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The gross premium income is essentially an income statement that shows the total sum that an insurer has earned from premiums.
Basically, it does not include any sums that are not paid or will be paid outside those premiums. They are very important in determining the income of an insurer and do not take into account other assets.
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What is gross premium income?
Gross premium income is a statement that indicates the earning of an insurer from already paid premiums. We can express it mathematically as
Gross premium income = Total Net Written Premium – Insurance Premium Tax
This means that when you deduct the insurance premium tax from the total net written premium, the gross premium income remains. However, what is net written premiums and insurance premium tax? Let’s see:
Net written premium
the net written premium is the exact measure of a premium that an insurer or broker keeps as profit. Basically, it excludes all sums paid out as reinsurance. Therefore, after an insurer receives a premium, he or she pays out all sums owed for reinsurance and other operational costs. After this, we call the amount left, the net written premium. However, note that this is not the same as the net premium earned, which only takes into account the premiums earned in a particular period.
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Insurance premium tax
insurance premium tax is the tax on insurance premiums. In addition, they vary from one area to another and are not included in the income statement owing to the fact that it’s the government’s money. Basically, this sum does not belong to the insurer.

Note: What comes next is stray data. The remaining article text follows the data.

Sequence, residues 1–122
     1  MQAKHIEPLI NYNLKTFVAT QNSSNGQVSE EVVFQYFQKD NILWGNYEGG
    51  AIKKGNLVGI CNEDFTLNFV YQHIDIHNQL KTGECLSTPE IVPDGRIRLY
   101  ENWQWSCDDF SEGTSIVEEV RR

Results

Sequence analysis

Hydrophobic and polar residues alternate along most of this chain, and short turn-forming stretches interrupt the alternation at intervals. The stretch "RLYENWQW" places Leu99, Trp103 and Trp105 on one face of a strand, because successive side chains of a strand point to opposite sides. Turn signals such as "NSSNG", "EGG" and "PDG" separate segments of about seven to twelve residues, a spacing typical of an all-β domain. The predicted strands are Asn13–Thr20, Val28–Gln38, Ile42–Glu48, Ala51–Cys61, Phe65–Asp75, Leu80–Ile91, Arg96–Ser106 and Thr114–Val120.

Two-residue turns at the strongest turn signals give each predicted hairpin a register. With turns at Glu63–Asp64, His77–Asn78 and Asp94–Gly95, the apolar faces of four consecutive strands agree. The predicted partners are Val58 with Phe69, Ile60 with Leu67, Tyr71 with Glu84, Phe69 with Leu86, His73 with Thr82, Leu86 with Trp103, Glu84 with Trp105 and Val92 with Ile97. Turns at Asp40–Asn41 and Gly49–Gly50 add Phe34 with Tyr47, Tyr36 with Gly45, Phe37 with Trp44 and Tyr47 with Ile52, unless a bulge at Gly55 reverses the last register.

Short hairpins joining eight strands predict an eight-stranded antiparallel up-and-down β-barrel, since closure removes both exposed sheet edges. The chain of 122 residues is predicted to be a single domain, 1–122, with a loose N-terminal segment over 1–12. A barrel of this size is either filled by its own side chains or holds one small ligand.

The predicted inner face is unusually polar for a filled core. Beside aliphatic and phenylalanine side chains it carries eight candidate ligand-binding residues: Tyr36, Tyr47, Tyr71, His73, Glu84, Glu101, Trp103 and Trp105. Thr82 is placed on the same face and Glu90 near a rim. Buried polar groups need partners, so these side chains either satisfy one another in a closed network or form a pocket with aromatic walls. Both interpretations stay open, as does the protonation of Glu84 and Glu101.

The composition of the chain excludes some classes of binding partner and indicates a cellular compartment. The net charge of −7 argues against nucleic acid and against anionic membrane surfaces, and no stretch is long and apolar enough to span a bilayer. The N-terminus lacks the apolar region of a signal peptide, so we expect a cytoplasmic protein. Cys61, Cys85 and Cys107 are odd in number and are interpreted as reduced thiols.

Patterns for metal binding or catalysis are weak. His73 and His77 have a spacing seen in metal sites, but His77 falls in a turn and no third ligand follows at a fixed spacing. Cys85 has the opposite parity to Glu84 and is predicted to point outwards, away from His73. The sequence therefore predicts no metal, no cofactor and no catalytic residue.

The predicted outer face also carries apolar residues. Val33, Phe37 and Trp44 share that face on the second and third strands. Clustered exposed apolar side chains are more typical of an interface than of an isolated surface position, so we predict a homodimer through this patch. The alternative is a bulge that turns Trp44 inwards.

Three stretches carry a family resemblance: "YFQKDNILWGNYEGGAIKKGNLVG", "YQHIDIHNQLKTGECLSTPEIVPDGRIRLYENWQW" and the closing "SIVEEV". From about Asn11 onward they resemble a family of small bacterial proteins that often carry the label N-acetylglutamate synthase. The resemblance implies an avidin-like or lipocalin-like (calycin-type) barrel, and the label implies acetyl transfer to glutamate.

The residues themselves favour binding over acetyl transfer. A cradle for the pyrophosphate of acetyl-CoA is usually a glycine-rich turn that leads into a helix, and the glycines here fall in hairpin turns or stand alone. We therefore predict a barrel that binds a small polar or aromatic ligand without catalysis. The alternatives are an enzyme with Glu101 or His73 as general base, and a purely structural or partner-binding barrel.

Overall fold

What does gross premium income consist of?
This balance statement takes into account all the sum that an insurer has earned, without including money that is yet to be paid. Also, the gross premium income does not take into account any external assets that the insurer may possess.
Therefore, as a result of this, you cannot exactly examine an insurer’s financial health status by only apply the gross premium income formula.
Also, gross premium incomes are not very relevant to brokers. This is because the major share of the money goes to the insurer. Therefore, brokers take more interest in the Gross Broking income. Essentially, we can express the gross broking income as:
Gross Broking Income = Gross Premium Income – Policy Fees
Also, note that we do not consider the Gross premium Income to be same as the Gross Written Premium income.
Gross Premium Income is an important statement for insurers and others looking into the financial standing of an insurer. However, because it does not take into account other assets, we cannot exactly state it to be an accurate judge. Instead, it is more relevant to discovering the exact premium earning of an insurer.